If you get continuity, your thermostat is working fine. However, if you don’t, the thermostat has failed, and you need to get a new one.
Here’s a video explaining how you can replace a defrost thermostat in your freezer:
2. There Might Be a Puncture in the Freezer’s Sealed System
A freezer’s sealed system comprises the following:
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- Capillary tubes
- Suction lines
A fluid called refrigerant (Freon) circulates continuously in the system, keeping the temperature cool. When everything works well, the refrigerant travels through all parts of the sealed system with the correct pressure and rate.
You have a cold freezer as long as the sealed system is working properly, but if one of its components gets punctured, it will cause the refrigerant to leak out and the freezer temperature to drop.
There are many common signs to help you determine that there is a leak in the sealed system, including the following:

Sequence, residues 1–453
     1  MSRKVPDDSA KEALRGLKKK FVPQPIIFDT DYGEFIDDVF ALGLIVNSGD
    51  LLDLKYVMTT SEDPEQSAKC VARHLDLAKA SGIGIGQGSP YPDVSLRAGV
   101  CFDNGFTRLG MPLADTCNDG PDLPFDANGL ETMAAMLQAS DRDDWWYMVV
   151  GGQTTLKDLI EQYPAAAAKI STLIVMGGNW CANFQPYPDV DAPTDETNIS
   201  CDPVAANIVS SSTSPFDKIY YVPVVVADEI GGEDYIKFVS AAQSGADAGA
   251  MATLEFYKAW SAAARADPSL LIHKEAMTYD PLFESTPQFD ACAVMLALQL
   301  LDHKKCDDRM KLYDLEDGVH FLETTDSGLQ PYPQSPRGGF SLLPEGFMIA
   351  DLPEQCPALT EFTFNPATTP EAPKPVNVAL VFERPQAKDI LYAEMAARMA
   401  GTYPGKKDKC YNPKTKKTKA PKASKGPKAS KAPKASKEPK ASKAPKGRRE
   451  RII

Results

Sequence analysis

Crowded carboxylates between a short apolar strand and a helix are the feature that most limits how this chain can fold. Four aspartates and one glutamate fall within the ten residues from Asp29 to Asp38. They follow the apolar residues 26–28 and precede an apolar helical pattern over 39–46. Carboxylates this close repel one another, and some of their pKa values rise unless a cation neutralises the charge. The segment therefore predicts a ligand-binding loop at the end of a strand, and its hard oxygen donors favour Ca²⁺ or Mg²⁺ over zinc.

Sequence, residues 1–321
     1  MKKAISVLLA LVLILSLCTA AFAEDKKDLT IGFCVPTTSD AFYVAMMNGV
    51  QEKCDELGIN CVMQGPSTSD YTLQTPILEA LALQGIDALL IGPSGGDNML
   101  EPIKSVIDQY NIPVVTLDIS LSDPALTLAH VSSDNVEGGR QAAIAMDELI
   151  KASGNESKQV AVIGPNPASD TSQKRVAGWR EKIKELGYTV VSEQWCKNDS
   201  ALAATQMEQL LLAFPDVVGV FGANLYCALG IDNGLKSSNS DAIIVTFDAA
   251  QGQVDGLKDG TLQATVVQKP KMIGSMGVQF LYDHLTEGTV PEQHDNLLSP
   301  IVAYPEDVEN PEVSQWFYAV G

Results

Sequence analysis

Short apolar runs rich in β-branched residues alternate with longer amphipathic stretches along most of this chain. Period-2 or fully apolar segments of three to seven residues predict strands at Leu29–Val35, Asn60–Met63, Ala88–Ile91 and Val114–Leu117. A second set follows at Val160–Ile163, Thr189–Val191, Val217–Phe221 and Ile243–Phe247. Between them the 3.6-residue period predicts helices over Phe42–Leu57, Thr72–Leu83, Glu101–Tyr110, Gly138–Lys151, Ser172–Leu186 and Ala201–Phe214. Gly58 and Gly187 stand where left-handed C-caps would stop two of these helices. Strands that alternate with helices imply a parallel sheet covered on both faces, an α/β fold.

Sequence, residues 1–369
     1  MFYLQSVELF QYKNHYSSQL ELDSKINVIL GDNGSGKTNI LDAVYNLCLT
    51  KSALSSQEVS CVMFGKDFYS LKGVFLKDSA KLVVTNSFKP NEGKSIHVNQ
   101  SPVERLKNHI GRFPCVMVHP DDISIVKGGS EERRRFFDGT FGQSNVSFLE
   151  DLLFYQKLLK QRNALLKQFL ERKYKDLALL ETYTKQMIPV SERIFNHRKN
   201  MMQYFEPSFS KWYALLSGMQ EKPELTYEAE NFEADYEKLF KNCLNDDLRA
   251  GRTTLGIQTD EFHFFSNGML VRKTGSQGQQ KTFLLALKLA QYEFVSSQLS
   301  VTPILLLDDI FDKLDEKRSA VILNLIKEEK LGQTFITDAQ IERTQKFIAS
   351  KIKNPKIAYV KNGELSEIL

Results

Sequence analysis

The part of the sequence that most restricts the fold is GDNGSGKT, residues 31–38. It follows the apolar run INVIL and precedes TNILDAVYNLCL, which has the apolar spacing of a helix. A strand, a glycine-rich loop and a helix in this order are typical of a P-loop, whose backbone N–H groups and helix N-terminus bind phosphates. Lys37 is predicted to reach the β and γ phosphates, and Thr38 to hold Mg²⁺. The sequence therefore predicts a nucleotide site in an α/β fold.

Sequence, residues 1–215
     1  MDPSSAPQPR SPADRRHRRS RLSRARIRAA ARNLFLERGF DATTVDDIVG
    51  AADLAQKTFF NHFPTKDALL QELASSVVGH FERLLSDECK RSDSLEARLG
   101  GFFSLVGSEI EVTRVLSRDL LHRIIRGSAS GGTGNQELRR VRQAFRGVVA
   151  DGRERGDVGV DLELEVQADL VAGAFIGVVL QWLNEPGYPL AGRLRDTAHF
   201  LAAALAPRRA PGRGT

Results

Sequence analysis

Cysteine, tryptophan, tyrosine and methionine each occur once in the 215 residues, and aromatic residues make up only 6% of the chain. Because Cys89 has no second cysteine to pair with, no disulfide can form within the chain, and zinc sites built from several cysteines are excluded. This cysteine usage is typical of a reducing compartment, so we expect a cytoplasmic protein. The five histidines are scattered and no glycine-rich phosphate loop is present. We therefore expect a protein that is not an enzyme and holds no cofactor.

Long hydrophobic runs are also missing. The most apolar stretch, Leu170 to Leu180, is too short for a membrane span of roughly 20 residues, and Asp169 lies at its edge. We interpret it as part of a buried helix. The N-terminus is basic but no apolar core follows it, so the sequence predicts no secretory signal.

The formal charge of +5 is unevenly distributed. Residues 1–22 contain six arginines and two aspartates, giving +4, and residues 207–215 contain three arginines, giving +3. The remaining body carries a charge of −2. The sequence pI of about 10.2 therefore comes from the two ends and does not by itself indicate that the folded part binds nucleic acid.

- The freezer starts to smell like ammonia.
- The compressor’s fan turns on and off.
- The temperature in the freezer fluctuates or goes down.
- The freezer’s door becomes warm when you close it.
- Food starts to thaw prematurely.
How To Fix?
Be careful if you plan to fix the issue on your own. However, it is best to consult a skilled professional, especially if you’re unfamiliar with fixing compressors and refrigerant leaks.
To repair a system leak, you must first detect it. You can purchase a detector from an appliance shop, but if you want to save money, you can use soap and water.
Spray the soapy water on the piping, and if there’s a leak, you’ll notice bubbles forming. As a temporary solution, you can use a cold-weather epoxy seal to patch the leak.